Although my grandmother is nearing 100 years of age, she sadly has had Alzheimer’s disease for years. And, as the baby boomer population of the United States begins to age, the need for prevention and care of Alzheimer’s disease patients will grow with each passing year as more people like my grandmother will develop this devastating form of dementia. The the best effective preventive treatment for Alzheimer’s disease only modestly delay the progression of this disease by months.
Nonetheless, clinicians note that any treatment which can delay the progression of Alzheimer’s disease could have a big impact as so many people will develop this condition.
While 5.3 million people in the United States currently have Alzheimer’s disease, an even larger percentage of the population has “mild cognitive impairment” (MCI) which may progress to Alzheimer’s disease. By 2030 it is estimated that 7.7 million people in the United States will have Alzheimer’s disease, if nothing is done to find a way to prevent this devastating disorder. Of course greater in number than the 7.7 million people with Alzheimer’s diseases is the immediate family members that it affects as well, which could includes potentially tens of millions of people.
Excitingly, it was recently announced that a major breakthrough in the prevention of Alzheimer’s disease might be right around the corner, and interestingly, the medication being studied is not some newfangled neuromodulator, but actually a combination of high doses of certain B vitamins.
The study in question looked at patients who had mild cognitive impairment (MCI), which can progress to dementia in about 50% of cases-often times Alzheimer’s disease-and they discovered that the MCI patients given the following B vitamin regime had a 50% decrease in brain shrinkage when compared to those who got a placebo:
-300 times the recommended allowance of B12 ( 0.5 mg Vitamin B12)
-4 times the daily recommended level of Folate ( 0.8 mg folic acid)
-15 times the recommended amount of B6 (20 mg Vitamin B6 also called pyridoxine)
The pills used in the study were the TrioBe Plus brand of B Vitamins. As you can see, these levels of B vitamins are far in excess of what people normally need to avoid deficiency of these respective vitamins. Meaning that the vitamins used in this study were not given to correct an underlying vitamin deficiency, but were used for other more drug like effects on the body.
Is there a danger with taking too much B vitamins?
According to Dr. Christie Leong, who published an article on the topic here http://www.ctv.ca/CTVNews/Health/20100909/b-vitamins-brain-100909/, the B vitamins are water soluble and thus easily excreted in the body and toxicity due to overdose is rare. However Dr. Leong noted that getting too much Vitamin B6 can be dangerous when taken in doses in excess of 200 milligrams per day as it can cause irreversible nerve damage. In comparison, the TrioBe Plus vitamin used in this study contains only 20 milligrams of Vitamin B6, thus meaning that when taken in even these high doses these amounts of vitamins appear to be safe.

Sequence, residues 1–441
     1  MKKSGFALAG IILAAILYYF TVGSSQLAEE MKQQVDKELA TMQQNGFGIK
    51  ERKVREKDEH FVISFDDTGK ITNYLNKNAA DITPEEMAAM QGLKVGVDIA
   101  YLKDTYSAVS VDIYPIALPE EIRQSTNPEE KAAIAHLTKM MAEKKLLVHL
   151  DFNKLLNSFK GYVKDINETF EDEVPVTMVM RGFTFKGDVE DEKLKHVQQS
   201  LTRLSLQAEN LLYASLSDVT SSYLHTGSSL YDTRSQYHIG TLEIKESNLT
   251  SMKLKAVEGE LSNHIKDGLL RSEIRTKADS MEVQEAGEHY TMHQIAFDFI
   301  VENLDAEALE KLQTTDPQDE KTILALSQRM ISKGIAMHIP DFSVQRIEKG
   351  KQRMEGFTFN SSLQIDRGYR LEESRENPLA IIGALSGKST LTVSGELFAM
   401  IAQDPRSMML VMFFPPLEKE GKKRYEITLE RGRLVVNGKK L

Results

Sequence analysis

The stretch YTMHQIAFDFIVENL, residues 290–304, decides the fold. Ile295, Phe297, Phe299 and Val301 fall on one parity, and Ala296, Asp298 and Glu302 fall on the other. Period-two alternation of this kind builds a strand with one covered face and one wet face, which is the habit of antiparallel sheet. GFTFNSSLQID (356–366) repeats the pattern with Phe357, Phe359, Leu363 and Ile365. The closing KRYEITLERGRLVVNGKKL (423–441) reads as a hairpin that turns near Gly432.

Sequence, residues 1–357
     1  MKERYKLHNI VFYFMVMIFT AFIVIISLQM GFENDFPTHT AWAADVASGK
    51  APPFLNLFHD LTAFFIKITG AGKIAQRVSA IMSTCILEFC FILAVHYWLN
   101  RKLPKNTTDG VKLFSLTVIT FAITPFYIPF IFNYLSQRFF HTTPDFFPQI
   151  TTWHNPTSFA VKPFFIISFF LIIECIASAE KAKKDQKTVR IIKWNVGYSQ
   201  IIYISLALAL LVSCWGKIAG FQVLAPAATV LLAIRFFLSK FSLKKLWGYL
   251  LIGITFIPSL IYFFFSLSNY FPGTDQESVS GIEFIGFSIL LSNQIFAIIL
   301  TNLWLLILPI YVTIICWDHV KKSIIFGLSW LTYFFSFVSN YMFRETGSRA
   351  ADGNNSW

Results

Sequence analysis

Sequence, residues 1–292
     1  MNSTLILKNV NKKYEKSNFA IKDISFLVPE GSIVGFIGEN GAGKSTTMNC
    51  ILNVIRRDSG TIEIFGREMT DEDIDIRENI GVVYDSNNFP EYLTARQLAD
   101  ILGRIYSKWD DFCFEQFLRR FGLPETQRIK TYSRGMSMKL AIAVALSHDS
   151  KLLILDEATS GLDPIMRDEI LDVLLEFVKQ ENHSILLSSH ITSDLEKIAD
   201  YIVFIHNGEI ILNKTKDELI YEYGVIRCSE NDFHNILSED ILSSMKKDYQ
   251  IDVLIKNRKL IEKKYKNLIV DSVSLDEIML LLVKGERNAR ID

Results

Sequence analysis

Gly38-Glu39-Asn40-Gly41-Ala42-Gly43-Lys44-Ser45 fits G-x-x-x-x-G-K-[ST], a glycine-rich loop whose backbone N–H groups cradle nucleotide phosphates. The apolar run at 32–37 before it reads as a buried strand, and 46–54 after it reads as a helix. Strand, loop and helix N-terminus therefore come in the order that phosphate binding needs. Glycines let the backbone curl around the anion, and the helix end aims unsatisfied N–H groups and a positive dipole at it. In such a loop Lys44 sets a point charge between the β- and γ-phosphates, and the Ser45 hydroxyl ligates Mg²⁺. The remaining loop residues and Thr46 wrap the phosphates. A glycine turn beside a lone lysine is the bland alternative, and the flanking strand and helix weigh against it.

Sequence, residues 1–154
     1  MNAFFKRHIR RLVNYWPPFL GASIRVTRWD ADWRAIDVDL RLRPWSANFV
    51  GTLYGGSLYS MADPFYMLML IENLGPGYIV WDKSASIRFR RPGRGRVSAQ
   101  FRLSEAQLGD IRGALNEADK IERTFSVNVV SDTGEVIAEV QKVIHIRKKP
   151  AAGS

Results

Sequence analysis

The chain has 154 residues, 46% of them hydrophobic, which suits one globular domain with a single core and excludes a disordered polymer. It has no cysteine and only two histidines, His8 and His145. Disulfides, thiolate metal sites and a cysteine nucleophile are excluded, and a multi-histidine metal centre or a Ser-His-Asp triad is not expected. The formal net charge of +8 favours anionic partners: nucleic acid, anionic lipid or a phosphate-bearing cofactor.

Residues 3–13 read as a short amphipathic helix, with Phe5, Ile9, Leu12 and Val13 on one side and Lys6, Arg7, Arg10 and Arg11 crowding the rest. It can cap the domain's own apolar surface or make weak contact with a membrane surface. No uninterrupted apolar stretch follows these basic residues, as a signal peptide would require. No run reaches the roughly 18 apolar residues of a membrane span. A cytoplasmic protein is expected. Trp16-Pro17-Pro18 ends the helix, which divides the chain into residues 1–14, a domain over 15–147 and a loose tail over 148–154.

Interestingly, it appears that the patients with MCI who had high levels of homocysteine in the blood benefited from the TrioBe Plus vitamins. This may be because all the B vitamins in the TrioBe Plus pill, Vitamin B6, Vitamin B12 and Folic acid, are used to treat elevated levels of homocysteine in the blood. Scientific research has shown that elevated homocysteine levels are an independent risk factor for the the development of Alzheimer’s diseases and dementia. Taken together, this research might indicate that reducing the level of homocysteine in the blood with B vitamins may be an important tool to prevent Alzheimer’s disease.
Should you take the TrioBe vitamins if you are concerned about Alzheimer’s disease or if you have MCI?
Because taking the TrioBe vitamins is relatively cheap and safe, and because the dementia such as Alzheimer’s disease is such a devastating illness, many people who read the study, including doctors, will likely take the TrioBe vitamins if they’re concerned about Alzheimer’s disease.
Nonetheless, the beneficial effect appears to be limited to patients who have elevated levels of homocysteine in their blood. In the future doctors may measure the level of homocysteine in the blood and prescribe these mega-doses of B Vitamin to help ward off Alzheimer’s disease.
Scientifically, larger studies need to be undertaken and it should be remembered that other research has not shown that B vitamins help to prevent Alzheimer’s disease. At most, what can be inferred is that the megadoses of these B vitamins, found in the TrioBe vitamins, may slow the rate of brain shrinkage in patients with MCI. The research suggests that patients on the vitamins have better cognitive performance, but this has not been proven in clinical trials. Doubtlessly, more research will be undertaken.
If I had mild cognitive impairment, then I would take these TrioBe vitamins religiously. This research may be the biggest breakthrough ever for the prevention of Alzheimer’s disease. And that is something to cheer about.
Plasma Homocysteine as a Risk Factor for Dementia and Alzheimer’s Disease
Sudha Seshadri, M.D., Alexa Beiser, Ph.D., Jacob Selhub, Ph.D., Paul F. Jacques, Sc.D., Irwin H. Rosenberg, M.D., Ralph B. D’Agostino, Ph.D., Peter W.F. Wilson, M.D., and Philip A. Wolf, M.D.
The New England Journal of Medicine
February 14, 2002